After the test tone and at the beginning of each programmed lesson, the student will be given instuctions, either on a tape recording or in a workbook or activity sheet which accompanies a taped lesson, to set mode switch 36 to a specific position. In the present invention, three positions are provided. The purpose of the mode switch is to dissuade the student from memorizing coded depressions contained on the reverse side of various interrogation panels. Function and circuitry of the mode switch will be described in detail hereafter with reference to FIG. 4.
At certain intervals within a programmed lesson, the student will be instructed to insert a numbered interrogation panel into a frame on the face of the teaching machine. Following an explanation of a question or problem posed by the panel, the teaching machine's frequency sensitive circuitry responds to a control signal recorded within a programmed lesson tape and, thereby, causes the cassette recorder to shut off. Simultaneously, pilot light 28 will be deactivated and pilot light 20 will be illuminated. The purpose of this function is, of course, to discontinue the presentation of recorded instructional material so that the student can be interrogated concerning his or her understanding and mastery of said material. It should be appreciated that control signals and subsequent stoppage of the recorder/player can be effective in pacing the student in a way that prevents the presentation of instructional material which the student dos not understand. The student also maintains a measure of his own pacing, since there is no time limit on how much time is utilized in responding to a particular question or problem posed by an interrogation panel. It is contemplated that a certain amount of pencil work may often be required in an accompanying workbook or activity sheet before a correct response can be determined.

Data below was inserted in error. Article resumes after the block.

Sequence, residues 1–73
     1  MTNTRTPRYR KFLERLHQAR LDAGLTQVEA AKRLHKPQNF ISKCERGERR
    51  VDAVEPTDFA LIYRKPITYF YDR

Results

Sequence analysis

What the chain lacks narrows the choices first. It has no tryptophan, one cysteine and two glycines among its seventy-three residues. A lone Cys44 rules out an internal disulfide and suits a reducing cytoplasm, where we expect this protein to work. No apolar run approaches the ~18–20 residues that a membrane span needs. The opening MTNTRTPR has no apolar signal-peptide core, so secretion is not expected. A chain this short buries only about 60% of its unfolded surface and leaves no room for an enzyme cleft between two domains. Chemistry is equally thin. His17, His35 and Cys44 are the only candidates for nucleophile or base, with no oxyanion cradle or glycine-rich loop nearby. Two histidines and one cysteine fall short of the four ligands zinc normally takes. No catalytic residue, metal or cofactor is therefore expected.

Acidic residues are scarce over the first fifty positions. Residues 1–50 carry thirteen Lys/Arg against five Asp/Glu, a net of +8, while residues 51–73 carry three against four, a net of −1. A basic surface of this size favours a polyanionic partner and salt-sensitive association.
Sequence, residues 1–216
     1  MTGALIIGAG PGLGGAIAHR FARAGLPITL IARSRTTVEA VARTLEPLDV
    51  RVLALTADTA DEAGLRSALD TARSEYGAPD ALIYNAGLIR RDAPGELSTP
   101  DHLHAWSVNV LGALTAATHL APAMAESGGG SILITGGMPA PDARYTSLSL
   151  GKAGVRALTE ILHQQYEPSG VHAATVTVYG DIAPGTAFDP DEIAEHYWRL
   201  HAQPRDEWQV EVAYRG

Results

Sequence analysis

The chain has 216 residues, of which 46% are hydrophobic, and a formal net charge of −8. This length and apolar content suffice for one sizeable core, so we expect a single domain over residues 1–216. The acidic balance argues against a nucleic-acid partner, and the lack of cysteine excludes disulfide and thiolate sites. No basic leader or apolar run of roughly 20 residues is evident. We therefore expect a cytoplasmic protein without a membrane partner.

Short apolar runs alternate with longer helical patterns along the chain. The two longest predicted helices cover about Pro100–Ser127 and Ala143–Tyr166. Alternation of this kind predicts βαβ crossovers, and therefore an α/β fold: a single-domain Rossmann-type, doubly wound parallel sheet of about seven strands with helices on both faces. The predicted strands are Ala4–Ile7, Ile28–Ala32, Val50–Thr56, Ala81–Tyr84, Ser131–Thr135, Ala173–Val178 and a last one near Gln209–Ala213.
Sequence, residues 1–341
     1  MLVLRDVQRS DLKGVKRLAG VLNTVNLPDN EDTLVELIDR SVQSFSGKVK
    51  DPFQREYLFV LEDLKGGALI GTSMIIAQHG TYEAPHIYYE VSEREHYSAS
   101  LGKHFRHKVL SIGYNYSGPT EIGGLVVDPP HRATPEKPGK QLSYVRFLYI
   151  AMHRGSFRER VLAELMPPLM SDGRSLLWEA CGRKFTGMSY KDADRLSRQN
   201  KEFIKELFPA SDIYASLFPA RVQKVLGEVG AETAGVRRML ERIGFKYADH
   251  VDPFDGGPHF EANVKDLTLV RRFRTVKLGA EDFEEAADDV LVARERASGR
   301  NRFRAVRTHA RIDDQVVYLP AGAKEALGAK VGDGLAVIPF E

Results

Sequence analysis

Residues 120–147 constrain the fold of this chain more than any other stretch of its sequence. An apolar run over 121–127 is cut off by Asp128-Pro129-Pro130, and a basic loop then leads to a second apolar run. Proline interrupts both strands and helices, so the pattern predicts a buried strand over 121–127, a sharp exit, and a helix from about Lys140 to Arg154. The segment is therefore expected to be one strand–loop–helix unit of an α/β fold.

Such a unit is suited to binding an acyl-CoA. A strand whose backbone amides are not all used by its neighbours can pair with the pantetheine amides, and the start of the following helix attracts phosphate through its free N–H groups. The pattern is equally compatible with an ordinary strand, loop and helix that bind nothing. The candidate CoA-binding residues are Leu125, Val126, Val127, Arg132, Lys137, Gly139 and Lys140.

The student's response is communicated to the teaching machine by manipulation of one or more alphanumeric switches 24-A-J. 23-A-J. These switches are numbered consecutively, from left to right, 1 through 9. Alphanumeric switch 24-J on the far right is numbered zero, and, as has been previously described, is also used in conjunction with a null panel. The switches also carry alphabetic identification, so that each of the ten switches is associated with a letter of the alphabet. Switch 24-J, for example, can be labeled "Y,Z," as well as the digit "0." If, for example, the student is asked to compute the sum of "42+28+54," + 28 + the correct response (124) can be directly communicated to the teaching machine by depressing switches 24-A, 24-B, and 24-D. Larger numerical values can also be accommodated as shown in the following example: "Find the difference between 5,720 and 4,596. Answer by giving the first and last two numbers of your difference." Since the student's computation results in the answer 1,124, he would again respond by depressing switches 14-A, 24-B, and 24-D in the proper order. By manipulating the alphanumeric switches in conjunction with their alphabetic identification, words and abbreviations are communicated to the teaching machine. Switch 24-A can, for example, be labeled "A,B,C," and switch 24-D can be labeled "J,K,L." If the interrogation panel were to display the following: "Think of another word that can be used in place of `fire` or `flame.` Use the first, second and fourth letters of the word for your answer," the student would depress switches 24-A, 24-D, and 24-J to communicate "b," "l," "z" for the word "blaze."
The alphanumeric circuitry of the present invention can also be used to respond to a conventional "1, 2, 3, 4, or 5" multiple choice format of answer selection, with up to nine single digit choices offered for selection. Although the alphanumeric circuitry of the present invention provides for one, two and three letter or digit responses, it is contemplated that the maximum number of letter or digit responses could be increased in number. As will be explained hereafter, the alphanumeric switches must be manipulated in proper sequence in order to reactivate a cassette recorder/player and, thus, continue a lesson. If a correct alphanumeric response has been made, answer switch 26 must additionally be depressed to set the recorder/player playback mechanism in motion. Simultaneously, pilot light 20 will be deactivated and pilot light 28 will be illuminated. At this point the interrogation panel is removed from the frame 16 in readiness for a new panel, and the same procedure is repeated for the remainder of the lesson.